Turkish athletes win two more medals at Paralympic Games
Turkish Paralympic archer Doğan Hancı competes at the Royal Artillery Barracks during the 2012 London Paralympics. Hancı beat Guillermo Rodriguez of Spain 6-2 in the third place match to clinch the bronze. EPA photoTurkish participants at the London Paralympics have gained two more medals, bringing to eight the number of times the country’s athletes have taken their place on the podium.
Neslihan Kavas lost 11-8, 8-11, 7-11, 11-5, 11-7 to China’s Lina Lei late Sept. 3 to settle for the silver medal in table tennis, while archer Doğan Hancı beat Guillermo Rodriguez of Spain 6-2 at the Royal Artillery Barracks in the third place match to clinch the bronze.
Turkey is enjoying its best-ever Paralympics performance with a total of eight medals; one gold, four silver and three bronze. Prior to the London event, Turkish athletes had won a total of four medals since the 1992 Paralympics in Barcelona.
Bronze winner Hancı told Anatolia news agency in London that the competition was tough.
“The secret to my success is working hard,” Hancı said. “I have always had the support of my family and people around me, and thanks to God, I made it.”
Hancı, a local of the eastern province of Erzurum, said he wanted to help raise young Paralympians in his hometown for the future of the sport.
“Me and my family are thinking of making a comprehensive study for archery in Erzurum,” the bronze medalist said. “I want to work with physically challenged young people and raise them as archers. May aim is to raise champion athletes. Maybe I will continue to compete, but I want other names from Erzurum to be in the competition with me.”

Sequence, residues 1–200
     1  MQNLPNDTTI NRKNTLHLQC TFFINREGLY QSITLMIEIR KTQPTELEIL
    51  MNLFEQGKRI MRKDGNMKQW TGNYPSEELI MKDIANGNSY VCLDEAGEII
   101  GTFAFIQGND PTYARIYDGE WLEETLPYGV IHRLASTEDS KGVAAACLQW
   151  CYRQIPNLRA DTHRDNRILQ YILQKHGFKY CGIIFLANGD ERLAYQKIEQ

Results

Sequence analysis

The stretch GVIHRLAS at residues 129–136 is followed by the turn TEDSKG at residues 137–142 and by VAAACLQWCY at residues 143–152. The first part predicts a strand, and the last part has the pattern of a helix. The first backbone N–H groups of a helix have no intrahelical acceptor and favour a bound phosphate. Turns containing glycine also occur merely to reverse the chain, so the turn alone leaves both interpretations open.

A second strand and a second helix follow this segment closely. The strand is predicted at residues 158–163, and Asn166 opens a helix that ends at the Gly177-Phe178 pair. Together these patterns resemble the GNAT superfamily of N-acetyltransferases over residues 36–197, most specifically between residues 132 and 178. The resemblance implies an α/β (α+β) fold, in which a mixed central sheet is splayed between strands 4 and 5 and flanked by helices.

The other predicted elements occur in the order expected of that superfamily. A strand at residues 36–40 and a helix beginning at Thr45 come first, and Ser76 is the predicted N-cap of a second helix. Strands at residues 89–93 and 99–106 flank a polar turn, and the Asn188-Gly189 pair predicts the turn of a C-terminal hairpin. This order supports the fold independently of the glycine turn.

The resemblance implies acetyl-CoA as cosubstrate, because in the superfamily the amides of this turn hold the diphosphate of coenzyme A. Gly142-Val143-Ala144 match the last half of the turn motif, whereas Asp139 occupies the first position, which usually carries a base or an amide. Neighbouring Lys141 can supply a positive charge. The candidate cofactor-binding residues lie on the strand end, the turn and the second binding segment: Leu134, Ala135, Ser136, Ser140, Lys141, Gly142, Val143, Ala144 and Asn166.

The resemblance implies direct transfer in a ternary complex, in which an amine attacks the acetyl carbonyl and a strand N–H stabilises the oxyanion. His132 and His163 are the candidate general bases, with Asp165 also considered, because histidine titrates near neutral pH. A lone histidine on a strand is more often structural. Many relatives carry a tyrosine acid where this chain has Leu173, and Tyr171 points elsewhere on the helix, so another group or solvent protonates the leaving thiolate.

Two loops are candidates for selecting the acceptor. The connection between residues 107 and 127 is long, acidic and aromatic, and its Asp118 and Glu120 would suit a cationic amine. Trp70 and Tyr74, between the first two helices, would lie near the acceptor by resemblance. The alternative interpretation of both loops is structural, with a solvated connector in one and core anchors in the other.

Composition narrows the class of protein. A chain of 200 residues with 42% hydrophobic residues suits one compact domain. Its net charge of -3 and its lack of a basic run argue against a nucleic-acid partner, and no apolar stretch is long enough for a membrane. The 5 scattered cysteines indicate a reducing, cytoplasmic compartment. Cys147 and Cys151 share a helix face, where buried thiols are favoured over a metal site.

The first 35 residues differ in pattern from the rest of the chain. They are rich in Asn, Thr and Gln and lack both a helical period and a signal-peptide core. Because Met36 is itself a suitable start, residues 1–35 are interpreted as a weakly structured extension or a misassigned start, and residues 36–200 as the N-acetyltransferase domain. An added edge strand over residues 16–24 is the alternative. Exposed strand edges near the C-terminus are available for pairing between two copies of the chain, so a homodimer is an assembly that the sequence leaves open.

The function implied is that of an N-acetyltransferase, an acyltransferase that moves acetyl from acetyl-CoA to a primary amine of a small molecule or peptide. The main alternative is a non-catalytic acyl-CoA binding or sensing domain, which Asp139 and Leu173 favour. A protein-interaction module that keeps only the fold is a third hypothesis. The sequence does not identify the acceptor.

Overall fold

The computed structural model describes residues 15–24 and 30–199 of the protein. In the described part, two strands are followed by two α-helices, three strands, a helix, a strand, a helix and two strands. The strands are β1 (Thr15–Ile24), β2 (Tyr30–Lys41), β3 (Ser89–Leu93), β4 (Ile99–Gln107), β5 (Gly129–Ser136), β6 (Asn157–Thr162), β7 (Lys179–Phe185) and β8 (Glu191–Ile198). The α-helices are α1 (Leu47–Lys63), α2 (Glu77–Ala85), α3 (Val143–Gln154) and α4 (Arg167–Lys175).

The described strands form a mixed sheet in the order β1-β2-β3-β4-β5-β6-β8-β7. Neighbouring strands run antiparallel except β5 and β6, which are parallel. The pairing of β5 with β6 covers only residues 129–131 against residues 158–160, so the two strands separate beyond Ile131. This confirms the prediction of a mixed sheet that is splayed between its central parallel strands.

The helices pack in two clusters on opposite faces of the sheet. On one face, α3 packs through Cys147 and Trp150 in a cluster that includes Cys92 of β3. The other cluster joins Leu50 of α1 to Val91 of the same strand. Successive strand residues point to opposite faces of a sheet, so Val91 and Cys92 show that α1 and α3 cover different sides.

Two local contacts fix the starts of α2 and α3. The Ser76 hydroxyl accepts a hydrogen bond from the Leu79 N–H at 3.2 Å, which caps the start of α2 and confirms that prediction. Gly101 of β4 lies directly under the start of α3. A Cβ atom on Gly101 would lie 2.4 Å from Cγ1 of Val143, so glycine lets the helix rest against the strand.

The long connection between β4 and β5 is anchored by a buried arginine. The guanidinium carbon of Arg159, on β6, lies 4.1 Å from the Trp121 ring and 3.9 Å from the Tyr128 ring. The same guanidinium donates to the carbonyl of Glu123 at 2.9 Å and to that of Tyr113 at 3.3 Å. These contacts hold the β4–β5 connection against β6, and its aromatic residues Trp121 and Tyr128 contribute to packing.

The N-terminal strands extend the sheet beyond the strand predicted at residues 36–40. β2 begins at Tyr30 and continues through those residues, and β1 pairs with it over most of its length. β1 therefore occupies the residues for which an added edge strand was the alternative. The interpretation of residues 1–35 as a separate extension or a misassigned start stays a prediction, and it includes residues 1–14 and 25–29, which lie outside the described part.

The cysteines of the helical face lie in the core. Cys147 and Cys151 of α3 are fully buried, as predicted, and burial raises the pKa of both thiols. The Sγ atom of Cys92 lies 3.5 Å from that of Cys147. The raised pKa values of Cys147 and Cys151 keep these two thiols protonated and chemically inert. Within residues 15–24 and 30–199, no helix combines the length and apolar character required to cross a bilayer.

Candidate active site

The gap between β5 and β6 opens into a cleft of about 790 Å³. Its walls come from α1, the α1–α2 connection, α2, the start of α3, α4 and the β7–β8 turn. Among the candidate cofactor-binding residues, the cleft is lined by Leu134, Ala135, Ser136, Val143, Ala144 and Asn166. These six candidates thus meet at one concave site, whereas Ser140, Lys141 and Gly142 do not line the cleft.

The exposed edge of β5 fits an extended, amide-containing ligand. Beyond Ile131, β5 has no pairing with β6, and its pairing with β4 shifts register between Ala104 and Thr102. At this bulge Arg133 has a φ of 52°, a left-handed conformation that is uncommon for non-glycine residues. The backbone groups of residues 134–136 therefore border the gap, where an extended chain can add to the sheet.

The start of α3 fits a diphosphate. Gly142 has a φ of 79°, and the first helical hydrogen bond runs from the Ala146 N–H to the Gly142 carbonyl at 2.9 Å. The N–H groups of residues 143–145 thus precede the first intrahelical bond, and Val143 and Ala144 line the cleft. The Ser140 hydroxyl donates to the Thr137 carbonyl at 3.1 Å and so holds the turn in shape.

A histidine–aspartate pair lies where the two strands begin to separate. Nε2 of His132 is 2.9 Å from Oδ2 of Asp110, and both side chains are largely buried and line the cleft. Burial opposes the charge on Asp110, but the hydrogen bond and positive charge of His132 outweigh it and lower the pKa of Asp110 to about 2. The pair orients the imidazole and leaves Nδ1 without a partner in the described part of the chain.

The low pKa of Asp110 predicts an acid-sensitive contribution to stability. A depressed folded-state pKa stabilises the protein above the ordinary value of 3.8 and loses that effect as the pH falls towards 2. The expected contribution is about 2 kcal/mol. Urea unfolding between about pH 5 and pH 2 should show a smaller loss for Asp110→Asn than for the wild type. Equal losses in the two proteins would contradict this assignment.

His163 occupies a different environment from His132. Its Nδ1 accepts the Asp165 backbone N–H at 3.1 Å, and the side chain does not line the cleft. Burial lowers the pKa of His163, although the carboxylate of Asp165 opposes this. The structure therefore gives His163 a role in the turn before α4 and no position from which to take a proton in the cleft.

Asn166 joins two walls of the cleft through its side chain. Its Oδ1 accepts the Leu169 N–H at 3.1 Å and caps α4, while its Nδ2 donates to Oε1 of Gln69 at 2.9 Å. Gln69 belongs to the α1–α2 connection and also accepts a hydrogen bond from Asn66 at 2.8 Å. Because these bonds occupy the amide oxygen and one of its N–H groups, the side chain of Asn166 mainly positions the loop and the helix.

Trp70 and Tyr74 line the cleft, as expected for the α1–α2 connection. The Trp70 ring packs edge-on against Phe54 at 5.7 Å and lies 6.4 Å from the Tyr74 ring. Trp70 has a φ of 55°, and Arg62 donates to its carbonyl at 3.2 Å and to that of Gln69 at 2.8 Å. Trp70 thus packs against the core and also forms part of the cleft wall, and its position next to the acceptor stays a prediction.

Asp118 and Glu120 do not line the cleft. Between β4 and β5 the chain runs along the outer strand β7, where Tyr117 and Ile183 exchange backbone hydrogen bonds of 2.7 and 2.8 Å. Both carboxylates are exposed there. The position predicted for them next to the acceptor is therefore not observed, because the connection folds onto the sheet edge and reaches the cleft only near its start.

Meanwhile, Oscar Pistorius will face no disciplinary action over his outburst following defeat in the men’s 200 meters final, Paralympic organizers said yesterday.
Moments after losing to Brazil’s Alan Oliveira on Sept. 2, his first 200m defeat in nine years, Pistorius used a post-race interview to question the legitimacy of his defeat.
Pistorius, dubbed the “Blade Runner,” suggested that his opponent’s prosthetics were too long, thereby artificially lengthening his stride, giving him an unfair advantage.
“There will be no disciplinary action against Oscar for his comments,” International Paralympic Committee (IPC) director of communications Craig Spence told reporters yesterday.
Pistorius apologized for the timing of his comments in a statement on Sept. 3, but maintained there was still a fundamental issue about the length of athletes’ prosthetics that needed to be addressed.
Pistorius met with Paralympic officials in the immediate aftermath of his defeat when it was decided a further meeting would take place to discuss his concerns. The South African athlete continues his Paralympic campaign today in the 100m heats, with the 400m and 4x400m relay to follow later in the week. Pistorius gained fame for becoming the first Paralympic athlete to compete in the regular Olympics earlier this summer.